AIDS-related opportunistic infections are okay.)

- Are pregnant.

Locations and Contacts

Puerto Rico-AIDS CRS, San Juan, Puerto Rico

San Juan City Hosp. PR NICHD CRS, San Juan, Puerto Rico

Mbeya Med. Research Program, Mbeya Referral Hosp. CRS, Mbeya, Tanzania

Alabama Therapeutics CRS, Birmingham, Alabama 35294, United States

UCLA CARE Center CRS, Los Angeles, California 90095, United States

USC CRS, Los Angeles, California 90033, United States

Usc La Nichd Crs, Los Angeles, California, United States

Ucsd, Avrc Crs, San Diego, California 92103, United States

Ucsf Aids Crs, San Francisco, California, United States

Santa Clara Valley Med. Ctr., San Jose, California 95128, United States

San Mateo County AIDS Program, San Mateo, California 94305, United States

Howard University Hosp., Div. of Infectious Diseases, ACTU, Washington, District of Columbia 20059, United States

South Florida CDC Ft Lauderdale NICHD CRS, Fort Lauderdale, Florida, United States

Univ. of Florida Jacksonville NICHD CRS, Jacksonville, Florida, United States

Univ. of Miami AIDS CRS, Miami, Florida 33136, United States

Univ. of Hawaii at Manoa, Leahi Hosp., Honolulu, Hawaii 96816, United States

Northwestern University CRS, Chicago, Illinois 60611, United States

Rush Univ. Med. Ctr. ACTG CRS, Chicago, Illinois 60612, United States

Univ. of Chicago - Dept. of Peds., Div. of Infectious Disease, Chicago, Illinois, United States

Indiana Univ. School of Medicine, Infectious Disease Research Clinic, Indianapolis, Indiana 46202, United States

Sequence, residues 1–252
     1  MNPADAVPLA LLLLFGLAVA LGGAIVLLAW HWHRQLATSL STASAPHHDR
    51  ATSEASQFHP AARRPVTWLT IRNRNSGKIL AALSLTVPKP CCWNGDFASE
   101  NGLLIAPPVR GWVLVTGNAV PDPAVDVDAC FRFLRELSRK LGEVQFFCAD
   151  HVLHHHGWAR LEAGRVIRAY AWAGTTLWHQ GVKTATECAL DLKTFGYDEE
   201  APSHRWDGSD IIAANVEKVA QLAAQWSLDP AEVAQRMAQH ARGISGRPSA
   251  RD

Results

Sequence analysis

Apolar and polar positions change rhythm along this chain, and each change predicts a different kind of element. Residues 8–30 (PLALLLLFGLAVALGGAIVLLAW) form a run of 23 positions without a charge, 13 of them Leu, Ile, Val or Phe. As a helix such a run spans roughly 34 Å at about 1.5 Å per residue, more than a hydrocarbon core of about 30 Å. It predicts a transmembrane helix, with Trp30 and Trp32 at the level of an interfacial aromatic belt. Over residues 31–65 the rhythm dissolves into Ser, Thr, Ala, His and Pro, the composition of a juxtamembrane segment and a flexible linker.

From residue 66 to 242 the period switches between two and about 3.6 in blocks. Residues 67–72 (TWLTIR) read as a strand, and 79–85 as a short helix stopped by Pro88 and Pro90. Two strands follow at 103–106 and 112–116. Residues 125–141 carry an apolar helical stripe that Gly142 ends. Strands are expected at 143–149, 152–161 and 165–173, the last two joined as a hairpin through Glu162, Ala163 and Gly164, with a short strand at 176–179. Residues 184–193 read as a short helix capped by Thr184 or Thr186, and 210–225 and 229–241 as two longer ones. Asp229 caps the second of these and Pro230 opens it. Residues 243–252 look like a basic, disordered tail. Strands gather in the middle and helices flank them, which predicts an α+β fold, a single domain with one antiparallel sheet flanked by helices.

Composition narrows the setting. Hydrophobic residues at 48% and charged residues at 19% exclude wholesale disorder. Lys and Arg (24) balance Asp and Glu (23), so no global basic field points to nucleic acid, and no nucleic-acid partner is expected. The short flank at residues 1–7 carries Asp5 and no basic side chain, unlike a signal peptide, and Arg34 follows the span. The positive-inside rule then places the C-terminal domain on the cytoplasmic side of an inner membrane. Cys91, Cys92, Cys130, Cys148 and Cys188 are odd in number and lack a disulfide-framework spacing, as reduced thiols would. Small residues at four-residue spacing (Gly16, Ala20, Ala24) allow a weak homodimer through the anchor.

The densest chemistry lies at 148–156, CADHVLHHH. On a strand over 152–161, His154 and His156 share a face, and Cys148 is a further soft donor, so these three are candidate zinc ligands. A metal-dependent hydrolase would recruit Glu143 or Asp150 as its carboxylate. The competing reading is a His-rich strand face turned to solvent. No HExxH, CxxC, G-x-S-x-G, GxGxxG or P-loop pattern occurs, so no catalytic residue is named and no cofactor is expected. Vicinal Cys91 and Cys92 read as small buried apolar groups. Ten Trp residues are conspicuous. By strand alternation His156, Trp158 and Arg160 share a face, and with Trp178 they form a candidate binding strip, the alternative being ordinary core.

Tulane Med. Ctr. - Charity Hosp. of New Orleans, ACTU, New Orleans, Louisiana 70112, United States

Tulane/LSU Maternal/Child CRS, New Orleans, Louisiana 70112, United States

Johns Hopkins Adult AIDS CRS, Baltimore, Maryland 21287, United States

Bmc Actg Crs, Boston, Massachusetts 02118, United States

St. Louis ConnectCare, Infectious Diseases Clinic, St Louis, Missouri 63112, United States

Washington U CRS, St. Louis, Missouri, United States

Univ. of Nebraska Med. Ctr., Durham Outpatient Ctr., Omaha, Nebraska 68198, United States

NJ Med. School CRS, Newark, New Jersey, United States

SUNY - Buffalo, Erie County Medical Ctr., Buffalo, New York 14215, United States

Beth Israel Med. Ctr. (Mt. Sinai), New York, New York 10003, United States

Memorial Sloan-Kettering Cancer Ctr., New York, New York 10021, United States

NY Univ. HIV/AIDS CRS, New York, New York 10016, United States

Univ. of Rochester ACTG CRS, Rochester, New York 14642, United States

SUNY Upstate Med. Univ., Dept. of Peds., Syracuse, New York, United States

Unc Aids Crs, Chapel Hill, North Carolina 275997215, United States

Duke Univ. Med. Ctr. Adult CRS, Durham, North Carolina 27710, United States

The Ohio State Univ. AIDS CRS, Columbus, Ohio, United States

Hosp. of the Univ. of Pennsylvania CRS, Philadelphia, Pennsylvania 19104, United States

University of Washington AIDS CRS, Seattle, Washington 98104, United States

UW School of Medicine - CHRMC, Seattle, Washington, United States

Additional Information

Related publications:

Robinson WR, Morris CB. Cervical neoplasia. Pathogenesis, diagnosis, and management. Hematol Oncol Clin North Am. 1996 Oct;10(5):1163-76. Review.

Last updated: March 30, 2012

Page last updated: August 23, 2015